“Most contractors that I've worked with are always reading, learning and trying out new ideas,” confirms Lockyer. “The ones that try new things and experiment outside of work have generally brought different perspectives and insights to various technologies. I think it's super important that all developers try something new every once in a while and try not to be afraid of change.”
Plan for the future
As well as tapping into the creative developer community, banks can build in-house capabilities by running paid internship programmes or mass-retraining initiatives. In a rapidly changing sector that means looking ahead and developing strategies to build the flexible workforce that will be needed.
The World Economic Forum says that immediate action should be taken: “Business leaders need to look critically at the technical and ‘human’ skills needed to future-proof their workforce and move quickly to free up the resources needed to take the first steps towards building a culture of lifelong learning among their employees.”2
Some of the tactics that organizations are already adopting include sponsored hackathons in partnership with universities, which enable them to identify young talent that they can nurture into the future; and giving people time to access the wide range of massive online open courses (MOOCs) that are now available.
There are huge benefits in building a future talent pool in-house rather than chasing the same experienced developers from employer to employer, not least the opportunity to mould young professionals to adopt a more collaborative approach to software development.
As Forrester writes in its Forrester Foresees the Future of IT3 report: “The success of firms is now in great part determined by their ability to exploit technology to its highest potential. This reality is bringing about a very different future for the IT organization where technology-driven innovation will be a core competency — and the boundaries between IT and the business will fade.”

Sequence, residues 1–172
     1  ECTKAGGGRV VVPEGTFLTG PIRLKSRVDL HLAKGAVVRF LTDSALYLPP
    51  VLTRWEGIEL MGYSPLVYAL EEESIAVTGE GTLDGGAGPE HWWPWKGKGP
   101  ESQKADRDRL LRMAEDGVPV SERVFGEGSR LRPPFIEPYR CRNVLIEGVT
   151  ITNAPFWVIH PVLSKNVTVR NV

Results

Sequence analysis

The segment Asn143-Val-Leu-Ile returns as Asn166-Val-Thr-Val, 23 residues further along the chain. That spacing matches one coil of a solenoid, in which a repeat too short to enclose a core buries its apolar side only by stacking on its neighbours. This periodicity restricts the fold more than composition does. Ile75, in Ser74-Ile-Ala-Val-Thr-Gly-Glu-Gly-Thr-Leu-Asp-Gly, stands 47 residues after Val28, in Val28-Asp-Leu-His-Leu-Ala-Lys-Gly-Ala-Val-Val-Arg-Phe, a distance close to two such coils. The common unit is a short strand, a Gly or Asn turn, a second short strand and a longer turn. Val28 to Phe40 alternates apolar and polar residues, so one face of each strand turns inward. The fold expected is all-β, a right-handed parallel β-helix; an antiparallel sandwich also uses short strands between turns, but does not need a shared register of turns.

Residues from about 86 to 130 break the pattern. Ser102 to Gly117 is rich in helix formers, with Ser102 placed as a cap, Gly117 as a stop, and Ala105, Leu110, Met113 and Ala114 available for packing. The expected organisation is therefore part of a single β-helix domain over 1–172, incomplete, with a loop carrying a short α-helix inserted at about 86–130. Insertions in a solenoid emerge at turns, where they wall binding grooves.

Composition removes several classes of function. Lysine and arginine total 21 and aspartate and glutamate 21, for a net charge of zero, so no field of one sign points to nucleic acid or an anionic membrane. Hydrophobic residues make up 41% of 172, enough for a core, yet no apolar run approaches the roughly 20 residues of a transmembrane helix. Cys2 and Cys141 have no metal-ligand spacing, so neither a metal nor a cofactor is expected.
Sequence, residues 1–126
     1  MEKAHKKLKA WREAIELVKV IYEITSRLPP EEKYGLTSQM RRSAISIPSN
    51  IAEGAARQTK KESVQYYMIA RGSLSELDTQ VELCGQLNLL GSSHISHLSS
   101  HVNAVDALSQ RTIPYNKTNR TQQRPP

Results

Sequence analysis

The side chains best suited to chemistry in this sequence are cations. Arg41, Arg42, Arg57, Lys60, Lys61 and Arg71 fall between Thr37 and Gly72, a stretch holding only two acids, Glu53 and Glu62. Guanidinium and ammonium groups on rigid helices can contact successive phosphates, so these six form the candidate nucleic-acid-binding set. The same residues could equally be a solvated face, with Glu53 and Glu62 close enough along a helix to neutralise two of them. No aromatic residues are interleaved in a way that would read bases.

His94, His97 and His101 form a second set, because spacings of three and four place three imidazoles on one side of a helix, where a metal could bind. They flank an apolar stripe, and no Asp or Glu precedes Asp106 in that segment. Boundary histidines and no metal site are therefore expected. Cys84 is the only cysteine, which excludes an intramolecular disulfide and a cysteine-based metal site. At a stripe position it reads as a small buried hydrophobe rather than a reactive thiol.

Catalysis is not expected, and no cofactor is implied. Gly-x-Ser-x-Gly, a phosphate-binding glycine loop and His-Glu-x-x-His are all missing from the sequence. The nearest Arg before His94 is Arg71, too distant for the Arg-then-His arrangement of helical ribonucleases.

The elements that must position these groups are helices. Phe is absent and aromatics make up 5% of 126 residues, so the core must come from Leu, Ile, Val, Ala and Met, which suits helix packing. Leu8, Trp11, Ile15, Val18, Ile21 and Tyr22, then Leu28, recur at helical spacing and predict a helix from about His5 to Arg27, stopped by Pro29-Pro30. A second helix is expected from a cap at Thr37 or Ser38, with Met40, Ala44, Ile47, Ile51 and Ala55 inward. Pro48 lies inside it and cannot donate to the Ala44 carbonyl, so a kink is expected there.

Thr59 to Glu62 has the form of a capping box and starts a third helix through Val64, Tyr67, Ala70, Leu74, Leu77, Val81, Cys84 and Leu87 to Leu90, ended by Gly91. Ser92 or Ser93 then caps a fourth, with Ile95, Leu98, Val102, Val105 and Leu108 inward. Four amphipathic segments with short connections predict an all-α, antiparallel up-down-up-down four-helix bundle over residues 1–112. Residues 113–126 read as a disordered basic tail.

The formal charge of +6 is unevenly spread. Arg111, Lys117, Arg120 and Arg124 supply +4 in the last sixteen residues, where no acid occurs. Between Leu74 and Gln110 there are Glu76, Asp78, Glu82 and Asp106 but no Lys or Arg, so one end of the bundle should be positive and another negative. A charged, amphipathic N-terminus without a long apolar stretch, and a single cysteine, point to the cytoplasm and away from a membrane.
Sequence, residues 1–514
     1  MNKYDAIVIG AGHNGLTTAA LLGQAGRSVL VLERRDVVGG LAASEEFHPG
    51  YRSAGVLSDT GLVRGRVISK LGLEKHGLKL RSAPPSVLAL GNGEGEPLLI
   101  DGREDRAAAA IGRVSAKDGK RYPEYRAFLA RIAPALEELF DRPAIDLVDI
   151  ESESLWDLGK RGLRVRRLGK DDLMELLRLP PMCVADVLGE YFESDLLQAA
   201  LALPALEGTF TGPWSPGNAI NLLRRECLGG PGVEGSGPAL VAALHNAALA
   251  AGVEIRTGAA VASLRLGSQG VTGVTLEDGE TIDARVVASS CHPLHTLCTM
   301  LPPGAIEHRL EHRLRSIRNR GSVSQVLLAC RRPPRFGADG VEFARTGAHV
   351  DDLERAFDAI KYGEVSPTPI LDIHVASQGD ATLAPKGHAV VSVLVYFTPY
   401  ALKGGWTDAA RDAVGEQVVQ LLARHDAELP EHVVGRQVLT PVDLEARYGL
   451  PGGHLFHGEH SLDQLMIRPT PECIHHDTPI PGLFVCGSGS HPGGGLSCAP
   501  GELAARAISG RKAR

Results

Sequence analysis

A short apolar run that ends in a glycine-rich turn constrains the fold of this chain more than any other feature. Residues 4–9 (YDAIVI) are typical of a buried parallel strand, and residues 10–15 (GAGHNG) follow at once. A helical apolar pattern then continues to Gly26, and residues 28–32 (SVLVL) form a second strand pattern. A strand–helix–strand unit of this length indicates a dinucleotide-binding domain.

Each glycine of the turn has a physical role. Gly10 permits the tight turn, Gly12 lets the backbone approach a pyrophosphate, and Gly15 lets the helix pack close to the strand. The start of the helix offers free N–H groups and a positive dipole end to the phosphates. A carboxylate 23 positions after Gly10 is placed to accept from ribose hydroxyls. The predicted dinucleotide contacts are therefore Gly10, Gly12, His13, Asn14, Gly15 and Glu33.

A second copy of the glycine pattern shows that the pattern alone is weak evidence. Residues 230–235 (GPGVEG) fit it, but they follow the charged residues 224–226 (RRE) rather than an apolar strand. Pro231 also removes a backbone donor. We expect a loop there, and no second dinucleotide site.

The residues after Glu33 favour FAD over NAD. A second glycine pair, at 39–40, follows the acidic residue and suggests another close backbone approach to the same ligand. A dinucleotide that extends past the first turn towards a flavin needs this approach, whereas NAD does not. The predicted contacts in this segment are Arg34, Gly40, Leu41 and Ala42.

In Forrester’s view, the trend for IT teams as a whole to contribute more significantly to business strategy will accelerate, with CIOs “moving from caretaker to disruptor and technocrat to business visionary”.
Rise of the citizen developer
In a parallel wave of change, the growing power of technology means more non-tech professionals will be able to use quasi-developer and automation tools to build the systems, micro-services and applications that they can see customers want to use, and that will make internal teams more productive.
The rise of the platform approach, which must always be built on a robust set of security and interoperability standards, provides even more support for this trend. Microsoft CEO Satya Nadella recently called out4 the significant growth of ‘citizen developers’ during Microsoft’s FY20 First Quarter Earnings Conference Call:
“Automating workflows across every function will be key to productivity gains for every organization. We are building Power Platform as the extensibility framework for both Microsoft 365 – inclusive of Microsoft Teams, as well as Dynamics 365. It brings together low-code, no-code app development, robotic process automation, and self-service analytics – enabling everyone in an organization to build an intelligent app or workflow where none exists. Power Platform already has more than 2.5 million monthly active citizen developers. PowerApps helps domain experts – those closest to the business problem – to design, build and publish custom apps fast.”
So while there is undoubtably a shortage of developers today, we may be asking the wrong question if we simply continue considering how to attract and retain experienced professionals who are in ever shorter supply.
There are bridges banks can build to a future where different resources can be used, including teaching non-tech professionals how to code, working with academia to arrange paid internships and hackathons, fishing from the widest possible talent pools, and ensuring remuneration policies reward collaborative development across different teams in the bank.